Ready to Go Green? EC3 Global, an internationally recognised environmental advisory group offers responsible travel tips for the eco-conscious traveler.


When planning a holiday, don’t ask your travel agent for a lot of different brochures as all of the same information is available online. In fact, most travel companies have a website which will contain an electronic version of the brochure you are interested in. Travellers can utilise the internet for their research and this will provide a broader range of information about your destination.

Select hotels based on their demonstrated green credentials – many internet booking engines now offer information on eco-friendly hotel options. These accommodations have introduced eco-friendly practices and have made efforts to reduce their energy and water consumption and waste production.

If you intend to visit areas of natural or cultural significance, ensure you plan the visit with tour guides who have environmental accreditation – this will ensure that the visit does not have any negative impact on the surroundings.

Speak to your travel agent or visit the tourism website of your destination to learn more about their public transport system – in some destinations it is easier (and certainly less expensive) to use public transport than to rent private vehicles or hire taxis.

When booking your flight, ask your travel agent to organise an electronic ticket. It saves paper and ensures you are less likely to lose your documents when you travel.

Remember to unplug all of unnecessary electrical appliances (TVs and audio visual equipment, kitchen appliances such as kettles, microwaves and toasters) in your home prior to departing. These items still use energy when they are in off or standby mode. By unplugging them, you will decrease your home’s energy usage as well as reduce your electricity bill.



Use the online check-in counter at the airport – most major airports offer this service, saving time in long queues and unnecessary paper.

Take advantage of public transport air transfers that are available upon arrival in your destination. Most major airports have this as an option, and in some instances (see London Heathrow for an example) coach transfers take you directly to your hotel.

When checking in to your hotel, ask the staff about the hotel’s environmental policies and what they can do as a guest to assist them (not having your sheets and towels changed every day to cut down on water usage etc).

Always turn off the lights in the hotel before you go out and explore the area.

Use a digital camera for photos – you can review the image instantly and decide whether they wish to keep it or need to shoot the photo again. Using traditional film-reliant cameras can lead to excess paper use, and often results in photos that you don’t want to keep.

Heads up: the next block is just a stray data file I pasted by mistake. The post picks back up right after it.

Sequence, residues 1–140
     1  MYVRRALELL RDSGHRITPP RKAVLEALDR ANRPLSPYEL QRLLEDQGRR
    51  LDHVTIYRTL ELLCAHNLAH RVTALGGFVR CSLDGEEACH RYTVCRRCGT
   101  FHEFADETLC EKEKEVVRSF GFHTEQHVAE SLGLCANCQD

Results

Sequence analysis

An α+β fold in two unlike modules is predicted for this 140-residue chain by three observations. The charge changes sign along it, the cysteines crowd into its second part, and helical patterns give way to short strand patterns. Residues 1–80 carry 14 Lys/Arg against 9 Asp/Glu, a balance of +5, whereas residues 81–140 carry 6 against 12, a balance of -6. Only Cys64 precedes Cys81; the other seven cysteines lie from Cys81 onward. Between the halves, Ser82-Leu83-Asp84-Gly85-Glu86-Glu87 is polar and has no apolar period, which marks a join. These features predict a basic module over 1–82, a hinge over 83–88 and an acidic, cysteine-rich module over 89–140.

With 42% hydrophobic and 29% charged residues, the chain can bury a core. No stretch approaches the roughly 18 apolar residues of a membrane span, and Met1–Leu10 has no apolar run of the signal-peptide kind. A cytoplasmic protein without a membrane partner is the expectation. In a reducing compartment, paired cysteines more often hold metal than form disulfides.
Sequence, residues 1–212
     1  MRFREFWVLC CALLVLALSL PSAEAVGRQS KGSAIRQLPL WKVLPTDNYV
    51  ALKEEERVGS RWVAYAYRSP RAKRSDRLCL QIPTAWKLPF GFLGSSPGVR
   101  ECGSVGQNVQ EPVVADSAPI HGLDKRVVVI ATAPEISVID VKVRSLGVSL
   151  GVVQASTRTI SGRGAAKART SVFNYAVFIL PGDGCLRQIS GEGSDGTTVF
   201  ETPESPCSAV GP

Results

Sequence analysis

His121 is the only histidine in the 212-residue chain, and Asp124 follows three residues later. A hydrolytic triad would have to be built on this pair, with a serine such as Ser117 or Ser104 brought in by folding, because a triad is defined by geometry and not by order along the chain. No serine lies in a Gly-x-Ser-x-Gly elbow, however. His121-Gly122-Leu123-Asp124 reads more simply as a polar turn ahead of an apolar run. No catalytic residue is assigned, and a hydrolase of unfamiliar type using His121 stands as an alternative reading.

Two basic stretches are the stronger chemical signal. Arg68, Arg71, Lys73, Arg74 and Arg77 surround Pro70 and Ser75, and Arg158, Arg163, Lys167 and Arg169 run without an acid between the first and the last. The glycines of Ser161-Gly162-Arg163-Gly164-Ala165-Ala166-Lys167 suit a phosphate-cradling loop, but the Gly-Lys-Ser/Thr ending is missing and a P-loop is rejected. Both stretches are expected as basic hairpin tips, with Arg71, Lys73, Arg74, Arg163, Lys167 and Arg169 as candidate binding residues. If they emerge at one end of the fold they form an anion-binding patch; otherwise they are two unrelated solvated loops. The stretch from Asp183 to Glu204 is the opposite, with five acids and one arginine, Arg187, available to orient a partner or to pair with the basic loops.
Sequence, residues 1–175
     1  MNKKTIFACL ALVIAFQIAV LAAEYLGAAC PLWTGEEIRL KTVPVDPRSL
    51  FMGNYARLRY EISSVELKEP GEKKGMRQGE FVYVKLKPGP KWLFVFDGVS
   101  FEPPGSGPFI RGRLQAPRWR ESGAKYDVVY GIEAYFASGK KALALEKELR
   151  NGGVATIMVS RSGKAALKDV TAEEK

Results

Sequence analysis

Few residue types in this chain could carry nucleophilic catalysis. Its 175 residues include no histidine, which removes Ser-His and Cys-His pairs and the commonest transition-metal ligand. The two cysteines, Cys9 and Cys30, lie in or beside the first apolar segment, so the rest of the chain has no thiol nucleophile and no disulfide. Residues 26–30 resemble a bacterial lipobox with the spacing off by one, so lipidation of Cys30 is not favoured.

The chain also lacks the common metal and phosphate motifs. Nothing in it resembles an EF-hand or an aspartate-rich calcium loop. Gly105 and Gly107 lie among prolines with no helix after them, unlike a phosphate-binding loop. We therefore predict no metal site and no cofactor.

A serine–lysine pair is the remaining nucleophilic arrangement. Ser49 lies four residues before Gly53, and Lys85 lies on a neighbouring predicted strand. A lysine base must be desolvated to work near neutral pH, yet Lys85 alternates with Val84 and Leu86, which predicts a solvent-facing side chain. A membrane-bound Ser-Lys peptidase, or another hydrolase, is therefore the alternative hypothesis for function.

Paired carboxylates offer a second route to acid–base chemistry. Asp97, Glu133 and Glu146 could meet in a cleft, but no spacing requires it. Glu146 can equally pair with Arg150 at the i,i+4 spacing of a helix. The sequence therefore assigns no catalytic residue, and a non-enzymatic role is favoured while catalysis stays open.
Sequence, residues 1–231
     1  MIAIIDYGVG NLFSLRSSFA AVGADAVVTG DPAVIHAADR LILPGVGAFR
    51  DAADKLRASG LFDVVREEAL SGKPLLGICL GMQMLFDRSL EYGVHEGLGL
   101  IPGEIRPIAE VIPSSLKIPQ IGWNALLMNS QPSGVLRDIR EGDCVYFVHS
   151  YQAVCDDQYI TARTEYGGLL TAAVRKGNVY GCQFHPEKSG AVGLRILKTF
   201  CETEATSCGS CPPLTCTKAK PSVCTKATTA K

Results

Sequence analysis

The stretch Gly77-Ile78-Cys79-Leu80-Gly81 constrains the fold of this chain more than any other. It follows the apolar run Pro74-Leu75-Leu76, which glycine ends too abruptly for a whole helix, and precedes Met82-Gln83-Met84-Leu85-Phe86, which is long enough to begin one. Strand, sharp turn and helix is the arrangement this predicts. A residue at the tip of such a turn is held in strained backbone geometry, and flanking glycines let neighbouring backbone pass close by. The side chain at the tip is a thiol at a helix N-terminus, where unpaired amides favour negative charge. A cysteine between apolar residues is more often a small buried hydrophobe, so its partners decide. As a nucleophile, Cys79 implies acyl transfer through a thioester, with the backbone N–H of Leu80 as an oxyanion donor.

Rather than send postcards from your destination, email friends and family e-cards. Most national tourism boards have e-cards available on their websites with images of significant landmarks. Doing this saves paper, postage and the CO2 emissions from the postcard’s journey.

Take advantage of the local restaurants in the area you are visiting. It is a fantastic way to experience the authentic culture of a destination, ensures you are supporting the local population, and assists the environment as the food was produced locally and hence hasn’t required excess transportation.



Take advantage of the public transport options available upon your return home – most new airports are equipped with efficient transport services that will take you at least part of the way home.

If you struggled to find eco-friendly options at any of the accommodations you stayed in, send an email to let them know that you think they should consider adopting some of the other practices you have seen – it is only when customers take a stand that organisations start to change their practices!

Encourage others to take advantage of the responsible travel options you discovered – there are several good travel blogs where delegates can post their thoughts and recommendations.

Inform your travel agent of any positive/negative behaviour you witnessed while travelling – they are an invaluable source to people booking their trips and when it comes to accommodation, flight and tour options they encourage or dissuade travellers based on their former clients’ recommendations.


Source: EC3 Global 

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Ellen Barone has been creating words and images for travel and tourism since 1998. She co-founded and publishes the group travel blog and is currently at work on her first book "I Could Live Here".